Running the exact same years was Tales of Wells Fargo starring ruggedly handsome Dale Robertson.
Currently enjoying a lot of airplay on broadcast TV is The Rifleman (1958 - 1963), starring Chuck Conners. The more I see this show, the more I find myself thunderstruck by the acting talent of Johnny Crawford who played his devoted young son. He was a really good child actor!
Henry Fonda and Allen Case costarred on The Deputy from 1959 - 1961.
Bonanza was a TV staple, running from 1959 to 1973. Check out this hilarious cover which inadvertently has Ben Cartwright (played by Lorne Greene) peering into the crotch of his tied-up son Little Joe (played by Michael Landon.)
Also debuting in 1959, but only lasting until 1963 was Laramie. John Smith (on the left) and Robert Fuller (on the right) starred in this one. With the way Smith's jeans are fitting, it seems hysterically vulgar to mention a "steaming geyser" directly below in the caption!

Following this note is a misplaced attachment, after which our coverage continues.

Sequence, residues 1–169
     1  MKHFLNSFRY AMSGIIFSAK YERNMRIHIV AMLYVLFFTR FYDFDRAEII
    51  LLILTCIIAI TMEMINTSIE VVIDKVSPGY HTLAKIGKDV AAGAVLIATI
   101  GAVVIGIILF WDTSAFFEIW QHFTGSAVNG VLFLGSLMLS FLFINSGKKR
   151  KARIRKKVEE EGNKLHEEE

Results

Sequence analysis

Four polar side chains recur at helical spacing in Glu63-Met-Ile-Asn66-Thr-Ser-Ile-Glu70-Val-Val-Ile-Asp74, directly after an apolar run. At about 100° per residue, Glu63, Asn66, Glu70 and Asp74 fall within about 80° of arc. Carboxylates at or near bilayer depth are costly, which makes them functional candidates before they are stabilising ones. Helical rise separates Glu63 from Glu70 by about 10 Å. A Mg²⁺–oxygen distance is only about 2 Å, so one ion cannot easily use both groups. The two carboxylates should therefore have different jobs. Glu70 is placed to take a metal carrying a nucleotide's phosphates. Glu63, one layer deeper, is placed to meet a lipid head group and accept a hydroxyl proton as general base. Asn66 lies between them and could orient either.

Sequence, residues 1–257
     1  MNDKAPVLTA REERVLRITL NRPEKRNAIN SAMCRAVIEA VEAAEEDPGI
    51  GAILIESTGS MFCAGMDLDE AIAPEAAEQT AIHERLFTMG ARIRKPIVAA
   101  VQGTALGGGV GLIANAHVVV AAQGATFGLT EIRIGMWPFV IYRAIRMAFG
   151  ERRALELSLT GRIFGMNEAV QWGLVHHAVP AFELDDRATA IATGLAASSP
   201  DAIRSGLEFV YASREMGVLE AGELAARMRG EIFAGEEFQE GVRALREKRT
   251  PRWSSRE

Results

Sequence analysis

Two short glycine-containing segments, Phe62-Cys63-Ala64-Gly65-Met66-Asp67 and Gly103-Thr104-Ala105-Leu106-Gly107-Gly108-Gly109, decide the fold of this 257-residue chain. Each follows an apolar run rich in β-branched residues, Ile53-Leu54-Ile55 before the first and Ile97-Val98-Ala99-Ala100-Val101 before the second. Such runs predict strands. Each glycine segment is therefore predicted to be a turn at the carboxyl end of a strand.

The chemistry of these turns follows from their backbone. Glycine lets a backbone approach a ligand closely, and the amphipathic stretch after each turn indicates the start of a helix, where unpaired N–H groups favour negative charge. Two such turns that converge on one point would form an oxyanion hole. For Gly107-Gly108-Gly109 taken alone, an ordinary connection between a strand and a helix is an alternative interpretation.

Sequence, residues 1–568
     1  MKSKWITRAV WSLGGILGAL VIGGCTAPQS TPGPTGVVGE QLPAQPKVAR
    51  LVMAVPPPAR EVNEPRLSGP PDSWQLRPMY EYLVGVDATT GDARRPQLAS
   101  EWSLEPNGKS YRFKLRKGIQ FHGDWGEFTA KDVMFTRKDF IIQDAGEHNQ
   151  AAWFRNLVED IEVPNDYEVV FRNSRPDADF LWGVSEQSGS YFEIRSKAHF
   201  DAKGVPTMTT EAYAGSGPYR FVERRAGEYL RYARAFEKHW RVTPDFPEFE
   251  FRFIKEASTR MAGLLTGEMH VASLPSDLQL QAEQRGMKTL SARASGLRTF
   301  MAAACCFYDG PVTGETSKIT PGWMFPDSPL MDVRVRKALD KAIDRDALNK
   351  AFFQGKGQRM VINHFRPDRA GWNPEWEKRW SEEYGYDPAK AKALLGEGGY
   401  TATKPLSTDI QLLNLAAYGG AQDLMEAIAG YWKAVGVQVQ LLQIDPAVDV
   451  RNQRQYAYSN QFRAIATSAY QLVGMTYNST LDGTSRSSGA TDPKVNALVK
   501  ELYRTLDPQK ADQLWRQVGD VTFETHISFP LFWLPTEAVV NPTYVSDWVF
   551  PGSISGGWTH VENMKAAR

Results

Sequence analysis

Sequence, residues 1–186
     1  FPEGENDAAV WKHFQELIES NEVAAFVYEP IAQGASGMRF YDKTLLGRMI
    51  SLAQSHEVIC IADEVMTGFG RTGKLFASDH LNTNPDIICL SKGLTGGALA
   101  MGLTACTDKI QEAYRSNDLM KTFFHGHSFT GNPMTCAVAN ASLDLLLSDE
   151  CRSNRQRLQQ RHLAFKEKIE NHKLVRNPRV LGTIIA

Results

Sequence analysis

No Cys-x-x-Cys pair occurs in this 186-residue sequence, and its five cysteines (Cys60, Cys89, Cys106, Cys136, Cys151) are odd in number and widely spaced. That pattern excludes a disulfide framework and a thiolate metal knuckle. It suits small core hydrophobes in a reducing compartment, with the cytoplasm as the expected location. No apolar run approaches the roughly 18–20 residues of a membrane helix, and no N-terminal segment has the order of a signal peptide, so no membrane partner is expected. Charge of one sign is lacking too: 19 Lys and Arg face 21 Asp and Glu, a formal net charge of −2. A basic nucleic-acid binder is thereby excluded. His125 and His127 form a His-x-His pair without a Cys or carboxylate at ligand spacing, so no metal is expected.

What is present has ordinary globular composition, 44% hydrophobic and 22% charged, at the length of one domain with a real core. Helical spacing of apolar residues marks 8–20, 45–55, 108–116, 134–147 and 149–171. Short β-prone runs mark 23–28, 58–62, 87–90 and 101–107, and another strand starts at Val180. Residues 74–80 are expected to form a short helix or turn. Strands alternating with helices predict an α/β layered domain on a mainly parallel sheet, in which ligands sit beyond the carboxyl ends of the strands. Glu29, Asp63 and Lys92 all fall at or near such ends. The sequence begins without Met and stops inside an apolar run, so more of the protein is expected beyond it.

I'll be back soon, my loves, with more Underworld blatherings!


NotFelixUnger said...

Congratulations! And, may there be many, many more!

As an aside, Richard Todd was quite the hottie.

sladest38 said...

Congrats I so enjoy reading your posts.They are the best! Keep up the great work!

Ken Anderson said...

Congratulations on your 300th post!
It's so obvious you put so much time and work into them. Good job! And what a great selection of comic covers here!

grandoldmovies said...

What an astonishing array of nostalgia! I actually remember The Man From Uncle, and as I recall, David McCallum was very popular; he had that 60s-mod androgynous British look that teens/tweeners found appealing. I find the idea of Mr Ed going on a date to be bizarre, to say the least, but sometimes the 50s had a weird notion of what constituted 'wholesome' humor. Speaking of wholesome, I think Camp Runamuck would have been more successful if it had been called Camp Divine instead. That would have grabbed my interest, anyway.